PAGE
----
The race is on, and the boxing stadium at Talkatora was the scene for one of the final laps on Wednesday. The race, as you might have guessed, is for second place on the medals table. The contenders — hosts India, and former colonial masters England.
The stadium was packed beyond capacity. If there was a seat, there were two people ready to grab it.
And the first Indian on show in the finals was Chhota Tyson, Suranjoy. Entering the ring, the little man from Imphal decided to do a somersault over the ropes. Unfortunately, he slipped on the landing and ended up on his bum, on the canvas. In the event, he got a walkover from the Kenyan, and took gold without a fight. “I would have loved to fight in front of this awesome crowd, but I am happy with the medal," he said.
It was a multi-national gathering with England, Northern Ireland and Sri Lanka all well represented. The Indians, of course, outnumbered the rest at least 20 to 1. And if there was a set of boxers who felt the crowd's anger, it was the Englishmen. This was not a reenactment of Lagaan, but the anger and jeering was to avenge the defeat of Vijender at the hands of Anthony Ogogo in the semifinal. Most Indians believe the Englishman, who failed to score a single point in his bout but won because the referee awarded two penalties against Vijender, didn't deserve his place in the final.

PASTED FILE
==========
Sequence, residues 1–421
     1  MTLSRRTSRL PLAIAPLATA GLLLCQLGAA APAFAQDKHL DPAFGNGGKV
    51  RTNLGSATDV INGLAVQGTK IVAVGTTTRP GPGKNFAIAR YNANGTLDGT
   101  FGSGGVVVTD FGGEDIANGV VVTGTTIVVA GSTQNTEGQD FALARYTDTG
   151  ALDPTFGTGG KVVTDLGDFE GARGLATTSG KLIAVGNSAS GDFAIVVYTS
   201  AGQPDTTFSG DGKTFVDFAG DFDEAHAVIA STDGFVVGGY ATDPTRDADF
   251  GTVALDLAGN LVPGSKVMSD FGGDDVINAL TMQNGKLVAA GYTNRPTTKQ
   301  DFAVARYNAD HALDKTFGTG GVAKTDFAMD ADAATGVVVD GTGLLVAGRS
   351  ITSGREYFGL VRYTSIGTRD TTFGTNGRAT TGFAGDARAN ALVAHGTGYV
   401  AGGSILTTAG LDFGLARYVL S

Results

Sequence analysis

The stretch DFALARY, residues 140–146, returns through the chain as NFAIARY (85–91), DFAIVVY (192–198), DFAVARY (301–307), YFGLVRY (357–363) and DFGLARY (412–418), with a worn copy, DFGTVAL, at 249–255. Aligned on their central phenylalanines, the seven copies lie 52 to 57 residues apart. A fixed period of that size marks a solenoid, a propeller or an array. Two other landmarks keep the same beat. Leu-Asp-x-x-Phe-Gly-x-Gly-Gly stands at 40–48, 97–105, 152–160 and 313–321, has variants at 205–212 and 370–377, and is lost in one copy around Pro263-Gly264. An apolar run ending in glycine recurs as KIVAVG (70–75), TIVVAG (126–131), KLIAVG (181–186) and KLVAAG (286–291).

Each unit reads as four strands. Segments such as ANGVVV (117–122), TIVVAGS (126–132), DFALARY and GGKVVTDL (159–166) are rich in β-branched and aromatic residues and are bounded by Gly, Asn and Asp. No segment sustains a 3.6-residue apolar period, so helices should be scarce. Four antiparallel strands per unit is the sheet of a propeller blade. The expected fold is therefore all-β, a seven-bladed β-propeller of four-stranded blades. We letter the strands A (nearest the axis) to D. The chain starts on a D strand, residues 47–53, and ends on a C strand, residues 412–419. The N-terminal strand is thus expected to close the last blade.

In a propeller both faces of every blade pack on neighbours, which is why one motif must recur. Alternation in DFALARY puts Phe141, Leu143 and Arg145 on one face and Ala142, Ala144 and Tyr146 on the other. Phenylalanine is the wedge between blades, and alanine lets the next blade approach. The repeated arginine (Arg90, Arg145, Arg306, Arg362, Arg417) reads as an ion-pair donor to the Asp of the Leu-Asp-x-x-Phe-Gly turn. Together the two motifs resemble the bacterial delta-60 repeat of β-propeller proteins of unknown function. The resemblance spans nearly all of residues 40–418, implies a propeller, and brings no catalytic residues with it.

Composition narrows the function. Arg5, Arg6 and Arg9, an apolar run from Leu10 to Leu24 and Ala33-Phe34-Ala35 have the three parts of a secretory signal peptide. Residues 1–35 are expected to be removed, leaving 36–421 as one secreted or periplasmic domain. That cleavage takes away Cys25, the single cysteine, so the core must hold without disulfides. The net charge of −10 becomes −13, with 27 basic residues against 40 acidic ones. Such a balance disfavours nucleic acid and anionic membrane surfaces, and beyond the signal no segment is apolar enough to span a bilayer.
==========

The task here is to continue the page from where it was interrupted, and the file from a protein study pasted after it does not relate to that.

And so it conspired that Irishman Eamonn O'Kane, who took on Ogogo in the 75 kg final, was adopted by the Talkatora crowd. The ‘India, India’ chants were replaced by ‘Ireland, Ireland’, and O'Kane duly obliged. Lifted by the crowd, he creamed Ogogo and then went around shaking hands and saying namaste.
Manoj Kumar was the underdog in his final but fought a flawless bout, giving his English opponent no chance to score. “The setting is just incredible. Shaking hands with all the fans, especially all the pretty girls, made me feel like a king for a day,” a beaming Manoj said.
The last bout of the night featured the super heavyweight, Paramjeet Samota. Up against the giant Tariq Abdul of Trinidad, Samota looked like he might have a little trouble. But he didn't and his coach didn't feel the pressure either. “I arrived from Bhiwani for the final today without a ticket, and got one only at five in the evening. I thought I would be tense, but the lad fought so well, that I was dancing from the opening bell till the end.”